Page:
Hot process: Essentially the same as cold process, except you speed things up by “cooking” the soap, usually in a slow cooker. We did a bit of this with one of the batches that didn’t turn out right the first time.
Lye is an extremely strong chemical, and you’re using it in a pretty violent reaction in this DIY, so safety should be your number one priority. Lye can burn or blind you and inhaling its fumes is a really bad idea as well. You must, therefore, have good quality safety goggles (the kind that touch your face all around) and some strong rubber gloves with long sleeves.
Wear long sleeved shirts and long pants, and make sure to wear shoes while you do this. If you have a chemical ventilator, I recommend you use it as well. This one cost me about thirty bucks at Home Depot and it’s great.
Keep a large amount of white vinegar handy. The acid in the vinegar will neutralize the strong base of the lye should you happen to spill it on yourself.
Work in an area as well that has access to fresh air either through a window or a fume hood (the first time we did this I went outside). I do not want to feel responsible for you people if you die while doing one of my DIYs. So please behave yourselves and BE CAREFUL!
You need a lot of stuff for soap-making that doesn’t necessarily tie into ingredients and/or safety equipment.
You’ll need at least 3 heatproof bowls (glass or metal, doesn’t really matter), and at least 3 silicone spatulas. I should also note that once you use these tools to make soap you probably shouldn’t use them in connection with food anymore, so plan accordingly. I used old spatulas I was going to throw out and/or picked up at the Dollar Store, and bowls I grabbed from Value Village for a few dollars each.
You’ll need a double boiler or access to a microwave. I prefer using a double boiler because it’s easier to measure temperatures that way.
You also need a highly accurate scale and thermometer. For that reason, a digital scale and digital instant read thermometer are probably best.
If your scale is super tiny, like mine is, you’ll also need some wee dishes for measuring your oils. If you have a big one, you can measure your oils all together in one big bowl.
You need something to put your soap in when it’s ready. You can use all sorts of fancy actual soap moulds for this, but the amounts I used in the recipes below produce enough soap to fill a 1L (~1qt) milk carton, which has a nice non-stick interior. Just make sure you wash and dry the carton carefully first.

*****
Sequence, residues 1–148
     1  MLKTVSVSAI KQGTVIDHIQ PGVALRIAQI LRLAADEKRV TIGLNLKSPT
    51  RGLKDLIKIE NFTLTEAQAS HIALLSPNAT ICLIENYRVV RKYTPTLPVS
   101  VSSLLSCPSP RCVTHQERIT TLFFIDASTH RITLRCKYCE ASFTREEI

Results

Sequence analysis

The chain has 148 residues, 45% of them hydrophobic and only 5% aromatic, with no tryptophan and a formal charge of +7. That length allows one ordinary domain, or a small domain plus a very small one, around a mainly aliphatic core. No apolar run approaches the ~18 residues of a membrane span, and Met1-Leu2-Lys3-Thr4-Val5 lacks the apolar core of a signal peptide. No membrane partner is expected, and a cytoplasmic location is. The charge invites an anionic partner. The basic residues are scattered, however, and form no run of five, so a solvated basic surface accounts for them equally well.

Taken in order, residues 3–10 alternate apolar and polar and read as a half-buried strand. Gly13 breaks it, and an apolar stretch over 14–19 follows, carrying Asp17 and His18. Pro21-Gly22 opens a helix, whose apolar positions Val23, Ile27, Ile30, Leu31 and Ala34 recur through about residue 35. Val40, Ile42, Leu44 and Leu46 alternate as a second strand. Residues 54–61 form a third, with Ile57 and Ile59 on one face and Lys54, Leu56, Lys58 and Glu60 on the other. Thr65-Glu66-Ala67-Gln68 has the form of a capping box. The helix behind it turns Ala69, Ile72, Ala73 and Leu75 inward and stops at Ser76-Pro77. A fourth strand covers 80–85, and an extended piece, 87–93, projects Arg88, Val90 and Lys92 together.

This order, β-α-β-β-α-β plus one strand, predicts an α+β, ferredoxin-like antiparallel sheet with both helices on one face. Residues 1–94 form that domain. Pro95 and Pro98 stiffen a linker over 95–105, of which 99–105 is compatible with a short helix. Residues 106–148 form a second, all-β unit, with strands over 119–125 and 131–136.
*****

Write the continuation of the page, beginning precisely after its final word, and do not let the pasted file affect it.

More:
Also handy will be a set of old towels or blankets for wrapping the soap cartons.
Not shown, but that is more or less necessary, is an immersion blender (again, you can’t use it again for food, but you can buy a new one off Amazon for twenty bucks). I dedicated my old one to the cause and bought a shiny new one for myself.
You may also need a wide mouth canning funnel, for pouring your soap mixture into your cartons. You might not need it, depending on how steady your hand is, but I found it very useful.
Now we’re getting down to business. Soap at its most basic is composed of oil/fat and lye. That’s it. How you put those together is up to you. So you’ll need assorted oils (vegetable, castor, olive, coconut, etc.) to get you started. I recommend doing a little bit of research into the different properties of each oil and what they do before you make your selections. I found this article to be particularly helpful.
To “flavour” your soaps you will also need an assortment of essential oils and some dried and ground herbs. The essential oils will add your desired scent while the dried herbs will add texture, and ground herbs will contribute to colour. Here is a handy list of ingredients that will change the appearance of your soap.
Very importantly, you’ll need some distilled water. Use distilled over filtered or tap water simply because the varying mineral compositions in undistilled water will make your results unpredictable.
Equally important is lye. That’s what makes the magic happen. For solid soap, you want to get yourself sodium hydroxide (potassium hydroxide is used for liquid soaps). Get the lye that comes in free-flowing crystals or pellets – they’re easier to measure and less likely to get everywhere.